Archive for January, 2010

I remember my first time in Prague. January 2006, Bruriah High School Euro Trip. The temperature averaged 10 degrees below Fahrenheit, and the Czech all managed to roam the streets of the city in light wind breakers and scarves. Meanwhile, we, as Americans, slowly but surely fell prey to colds, flu, and other such arctic weather related ailments. Myself, quite unaccustomed to winters in Eastern Europe, took a particular disliking to the climate. If not for the discovery of the magical Czech castle, where I determined if and when I find a non-feline, to wed him there, I might have joined my ancestors in the infamous Jewish cemetery. Actually, while standing in the fiftieth synagogue our tour guide took us to in the city, I distinctly remembering throwing off my NorthFace Jacket, Gap gloves, and Urban outfitters scarf and hat, and turning to the heavens. At which point I uttered the following: “G-d, if you kill me now, I promise we can still be best friends for life. I won’t hold it against you. I’m mature like that.”

Now, January 2010, only four years later, and I find myself recycling the same prayer. The reason: The lack of hot water in my dormitory. For the last month I have been using my friend Adina’s shower, as my own seems to have taken an extended holiday in Bermuda, where it is probably sipping the White Russian I have yet to experience. And now because the hot water gods prefer Yaffa the Penguin to Yaffa the Warm-Blooded Mammal, they have deprived me of Adina’s shower as well. It, too, seems to have joined the Bermuda rendezvous. [At least I have next weekend in Paris to look forward to, eh?]

Meanwhile, in the midst of the my shaggy and disheveled state of being, I got to experience the wisdom of Italian New York women, who apparently think you [meaning: Adria, Marissa, and me] push British men away when we talk about our smittenkitchen cooking sprees. And if our discussion of food is not revolting enough, we then put up “foodie pictures” on Facebook, which in the secular world is apparently the matchmaking kiss of death. Twenty-somethings chatting about portobello stuffed mushrooms don’t exactly scream available and interested. Her advice: Stick to your four calorie cranberry and vodka lights, and drink them slowly, seductively.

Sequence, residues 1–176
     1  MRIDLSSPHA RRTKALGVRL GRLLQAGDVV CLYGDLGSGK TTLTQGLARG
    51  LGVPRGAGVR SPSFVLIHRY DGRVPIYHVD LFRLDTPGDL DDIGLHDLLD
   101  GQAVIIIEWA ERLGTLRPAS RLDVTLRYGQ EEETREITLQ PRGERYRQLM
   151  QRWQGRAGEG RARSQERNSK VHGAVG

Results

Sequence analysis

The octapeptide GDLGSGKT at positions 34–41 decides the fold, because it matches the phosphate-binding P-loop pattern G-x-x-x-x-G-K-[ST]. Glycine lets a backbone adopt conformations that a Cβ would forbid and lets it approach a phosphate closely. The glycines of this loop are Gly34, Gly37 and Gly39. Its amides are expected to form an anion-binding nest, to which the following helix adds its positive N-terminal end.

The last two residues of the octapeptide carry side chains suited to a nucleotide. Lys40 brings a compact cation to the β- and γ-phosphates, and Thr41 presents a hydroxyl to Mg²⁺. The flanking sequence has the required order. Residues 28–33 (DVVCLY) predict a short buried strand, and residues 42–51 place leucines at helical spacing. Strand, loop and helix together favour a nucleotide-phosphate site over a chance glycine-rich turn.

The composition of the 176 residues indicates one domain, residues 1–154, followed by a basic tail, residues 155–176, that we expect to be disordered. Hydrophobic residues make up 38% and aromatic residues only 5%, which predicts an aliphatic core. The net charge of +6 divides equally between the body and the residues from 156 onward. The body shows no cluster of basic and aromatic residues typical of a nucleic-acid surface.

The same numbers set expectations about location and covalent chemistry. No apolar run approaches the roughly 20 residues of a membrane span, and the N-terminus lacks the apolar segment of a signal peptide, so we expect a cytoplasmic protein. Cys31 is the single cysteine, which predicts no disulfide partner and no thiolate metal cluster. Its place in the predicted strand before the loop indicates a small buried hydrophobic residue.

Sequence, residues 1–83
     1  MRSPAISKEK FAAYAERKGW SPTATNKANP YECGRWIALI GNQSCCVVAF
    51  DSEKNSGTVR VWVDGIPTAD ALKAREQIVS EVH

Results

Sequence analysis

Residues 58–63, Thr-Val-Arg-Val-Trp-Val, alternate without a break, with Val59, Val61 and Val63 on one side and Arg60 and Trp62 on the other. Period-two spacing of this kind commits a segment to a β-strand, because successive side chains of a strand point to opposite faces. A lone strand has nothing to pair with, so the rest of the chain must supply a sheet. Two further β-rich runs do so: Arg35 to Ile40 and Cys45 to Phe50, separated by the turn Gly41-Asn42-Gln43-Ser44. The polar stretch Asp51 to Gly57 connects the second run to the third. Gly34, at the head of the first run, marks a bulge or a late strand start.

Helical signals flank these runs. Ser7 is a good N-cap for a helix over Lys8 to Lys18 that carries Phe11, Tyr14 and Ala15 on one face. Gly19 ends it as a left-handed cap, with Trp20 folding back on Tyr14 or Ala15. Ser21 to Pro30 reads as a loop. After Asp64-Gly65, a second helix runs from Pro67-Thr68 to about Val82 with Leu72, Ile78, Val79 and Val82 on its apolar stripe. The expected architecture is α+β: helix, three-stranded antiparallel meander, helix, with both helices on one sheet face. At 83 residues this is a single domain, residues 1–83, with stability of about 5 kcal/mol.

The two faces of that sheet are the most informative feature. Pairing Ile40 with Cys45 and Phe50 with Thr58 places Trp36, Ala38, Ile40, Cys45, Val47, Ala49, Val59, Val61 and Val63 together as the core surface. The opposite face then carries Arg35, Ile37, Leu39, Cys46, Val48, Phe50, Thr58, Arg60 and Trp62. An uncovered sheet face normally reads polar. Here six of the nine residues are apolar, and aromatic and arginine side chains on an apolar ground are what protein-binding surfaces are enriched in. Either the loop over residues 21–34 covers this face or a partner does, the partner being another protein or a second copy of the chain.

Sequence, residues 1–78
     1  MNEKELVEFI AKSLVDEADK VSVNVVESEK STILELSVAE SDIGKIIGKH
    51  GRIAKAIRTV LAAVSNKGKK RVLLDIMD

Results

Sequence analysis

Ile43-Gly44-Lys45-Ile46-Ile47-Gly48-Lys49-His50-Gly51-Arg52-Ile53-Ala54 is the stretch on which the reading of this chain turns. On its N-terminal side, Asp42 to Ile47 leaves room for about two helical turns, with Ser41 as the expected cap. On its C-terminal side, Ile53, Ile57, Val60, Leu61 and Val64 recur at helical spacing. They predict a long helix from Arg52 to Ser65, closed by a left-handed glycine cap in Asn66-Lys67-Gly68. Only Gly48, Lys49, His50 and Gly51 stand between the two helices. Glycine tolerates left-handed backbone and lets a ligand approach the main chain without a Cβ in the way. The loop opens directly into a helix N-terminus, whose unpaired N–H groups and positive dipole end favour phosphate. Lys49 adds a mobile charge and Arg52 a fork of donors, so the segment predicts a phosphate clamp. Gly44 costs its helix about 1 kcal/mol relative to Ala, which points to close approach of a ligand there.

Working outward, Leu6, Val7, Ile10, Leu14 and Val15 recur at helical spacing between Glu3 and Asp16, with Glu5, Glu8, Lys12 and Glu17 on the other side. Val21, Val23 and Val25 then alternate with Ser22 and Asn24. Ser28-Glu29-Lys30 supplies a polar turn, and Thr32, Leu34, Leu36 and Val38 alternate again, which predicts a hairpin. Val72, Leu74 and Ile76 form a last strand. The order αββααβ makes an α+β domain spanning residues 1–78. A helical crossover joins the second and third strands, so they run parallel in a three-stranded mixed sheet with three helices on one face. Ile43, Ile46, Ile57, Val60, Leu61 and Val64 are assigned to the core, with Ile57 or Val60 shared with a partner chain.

In other words, no more of the this:

A cooking venture a day keeps the Brits far away.


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7:30 PM. Outside Edamame, the sushi restaurant that ONLY serves sushi on Thursday. To cite a submissive and far too obedient Orthodox housewife, “We don’t ask questions.”

Conversation ensues.

ADRIA: Yaffa, why do you have so much energy tonight?

YAFFA: (pauses to consider whether honesty is really the best policy; shockingly decides ” yes”) Two grande skinny vanilla lattes, three cups of Turkish pomegranate tea, and multiple diet cokes.

MARISSA: Seriously?

At which point two loud American men, with a propensity for propping doors to warm restaurants wide open so cold Oxford air can consume one caffeine-drunk and her two cohorts, interrupt our conversation. They don’t say anything of substance– just make noise in the way ex-pats do. And if I hadn’t been looking to escape a lecture on the dangers of caffeine overdosing, I might have minded. Of course, I did little to redeem myself at dinner.

WAITRESS IN THE MOST ADORABLE SWEATER DRESS: (to me) And what would you like?

YAFFA: The makizushi. Oh, and a diet coke.

Worth every bloody pound.

Laughter commences. At what I am not quite sure. Adria and Marissa collectively remind me that I just ordered another diet coke. My inner Holly Golightly just got a little more sprightly. Or, as a journalism teacher once said, “I am over-charging on the super charge.” Honestly, though, in this academic culture, where I am expected to churn out two 3000 word essays a week, the amount of time alloted for slumber is minimal- especially if I want to pursue zumba, ball planning, and cocktail tasting on the side.

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Meet Vinny.

When I complain about being single my mother usually remarks, “Well, you aren’t exactly making an effort. Being the tiger. Putting yourself out there.” Ah, spoken like a true matchmaker. And often I think she is right. I need to be more aggressive, more outgoing, more New York. I can’t be Kansas and expect to form a solid, long-term relationship. Somehow, however, whenever I am ready to embrace my inner feline, I encounter a man who makes me want to join the nunnery and adopt Vinny, my favorite orphaned cat.

I bet he always leaves the toilet seat down.